Fierce Attachments by Vivian Gornick
Whenever Jenny and I hear folks saying "I cannot even imagine that ..." we as readers know that actually you can begin to understand almost anything, especially if an amazing storyteller takes you by the hand along her way. Last winter I began to sort of understand cannabalism after reading Nathanial Philbrick's "In the Heart of the Sea: The Tragedy of the Whaleship Essex." You guys, I'm not kidding—Philbrick is so good he took me there. So, the New York Times published their 50 Best Memoirs of the Past 50 Years,* and that got me and Jen noodling: Should we do a Morning Memoir book club, but only with Manageable-in-Length Memoirs (meaning with one exception only 200-ish pages), all by women from diverse backgrounds written over the last five decades?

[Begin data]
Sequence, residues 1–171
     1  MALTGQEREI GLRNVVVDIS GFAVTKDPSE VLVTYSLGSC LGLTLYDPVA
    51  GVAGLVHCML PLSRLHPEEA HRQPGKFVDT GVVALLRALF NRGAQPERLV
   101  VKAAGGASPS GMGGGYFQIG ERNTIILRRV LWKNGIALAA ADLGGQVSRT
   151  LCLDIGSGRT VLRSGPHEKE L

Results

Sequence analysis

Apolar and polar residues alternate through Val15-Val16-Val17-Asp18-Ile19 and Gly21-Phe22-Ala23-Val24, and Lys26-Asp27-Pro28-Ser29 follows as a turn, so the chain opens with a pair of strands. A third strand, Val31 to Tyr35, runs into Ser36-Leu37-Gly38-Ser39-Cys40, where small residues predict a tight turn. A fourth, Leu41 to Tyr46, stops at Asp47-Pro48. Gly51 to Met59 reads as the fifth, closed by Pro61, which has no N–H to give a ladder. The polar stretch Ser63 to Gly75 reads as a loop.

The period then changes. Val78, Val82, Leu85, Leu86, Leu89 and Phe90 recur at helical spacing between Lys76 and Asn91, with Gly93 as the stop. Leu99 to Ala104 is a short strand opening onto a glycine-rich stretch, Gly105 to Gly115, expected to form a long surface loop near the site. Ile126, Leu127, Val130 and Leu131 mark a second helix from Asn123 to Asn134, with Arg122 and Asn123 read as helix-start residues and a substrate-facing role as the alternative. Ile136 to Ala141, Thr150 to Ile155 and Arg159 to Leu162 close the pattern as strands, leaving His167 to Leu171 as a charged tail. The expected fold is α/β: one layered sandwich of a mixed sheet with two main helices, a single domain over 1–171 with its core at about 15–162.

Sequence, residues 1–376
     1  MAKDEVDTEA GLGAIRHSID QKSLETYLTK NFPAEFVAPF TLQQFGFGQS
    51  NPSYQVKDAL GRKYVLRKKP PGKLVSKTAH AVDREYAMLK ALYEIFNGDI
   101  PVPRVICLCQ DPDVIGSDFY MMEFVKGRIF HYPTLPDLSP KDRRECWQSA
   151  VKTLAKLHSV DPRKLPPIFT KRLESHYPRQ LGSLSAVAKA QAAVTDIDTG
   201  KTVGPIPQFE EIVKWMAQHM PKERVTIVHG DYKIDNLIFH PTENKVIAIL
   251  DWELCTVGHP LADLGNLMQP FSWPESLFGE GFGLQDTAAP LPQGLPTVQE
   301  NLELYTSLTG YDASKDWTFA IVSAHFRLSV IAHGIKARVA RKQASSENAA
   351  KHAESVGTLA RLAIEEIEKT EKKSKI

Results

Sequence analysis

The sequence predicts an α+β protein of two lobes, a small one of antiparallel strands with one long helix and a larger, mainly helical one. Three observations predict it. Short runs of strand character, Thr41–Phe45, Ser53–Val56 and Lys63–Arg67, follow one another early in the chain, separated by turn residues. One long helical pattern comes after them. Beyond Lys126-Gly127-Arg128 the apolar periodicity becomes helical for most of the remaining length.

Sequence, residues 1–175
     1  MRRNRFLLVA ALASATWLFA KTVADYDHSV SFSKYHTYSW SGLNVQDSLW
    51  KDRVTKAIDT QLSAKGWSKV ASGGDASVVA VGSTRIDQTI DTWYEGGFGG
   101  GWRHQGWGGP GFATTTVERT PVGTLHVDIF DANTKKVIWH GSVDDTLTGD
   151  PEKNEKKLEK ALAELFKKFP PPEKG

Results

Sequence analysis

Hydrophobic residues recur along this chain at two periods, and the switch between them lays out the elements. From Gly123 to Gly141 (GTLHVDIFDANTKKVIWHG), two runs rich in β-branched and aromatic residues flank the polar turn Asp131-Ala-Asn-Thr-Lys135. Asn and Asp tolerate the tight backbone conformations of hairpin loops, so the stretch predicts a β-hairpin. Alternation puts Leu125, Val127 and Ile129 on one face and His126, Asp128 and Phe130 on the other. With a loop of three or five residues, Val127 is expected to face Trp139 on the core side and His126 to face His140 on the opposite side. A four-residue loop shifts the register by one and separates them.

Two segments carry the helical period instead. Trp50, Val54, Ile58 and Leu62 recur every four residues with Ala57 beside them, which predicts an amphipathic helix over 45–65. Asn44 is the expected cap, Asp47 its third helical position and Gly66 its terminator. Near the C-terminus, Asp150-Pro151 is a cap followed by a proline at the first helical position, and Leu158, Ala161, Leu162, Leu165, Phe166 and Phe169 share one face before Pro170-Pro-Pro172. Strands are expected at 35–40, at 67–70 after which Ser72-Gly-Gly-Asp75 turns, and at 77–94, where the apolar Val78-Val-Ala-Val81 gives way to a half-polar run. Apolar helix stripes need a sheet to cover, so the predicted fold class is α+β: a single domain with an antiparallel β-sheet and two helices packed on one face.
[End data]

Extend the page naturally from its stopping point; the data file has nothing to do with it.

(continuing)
We said "OK!" to each other and now we can't wait to imagine lives different from our own in some ways, but looking for connection and common ground at every turn. Come on along and imagine with us.
*The New York Times’s book critics select the most outstanding memoirs published since 1969.
In this deeply etched and haunting memoir, Vivian Gornick tells the story of her lifelong battle with her mother for independence. There have been numerous books about mother and daughter, but none has dealt with this closest of filial relations as directly or as ruthlessly. Gornick’s groundbreaking book confronts what Edna O’Brien has called “the prinicpal crux of female despair”: the unacknowledged Oedipal nature of the mother-daughter bond.
Please RSVP as we will make treats, and please call to order these paperbook books from your old buddy, Prairie Path Books!
Call the store to say you can come, (630) 765-7455!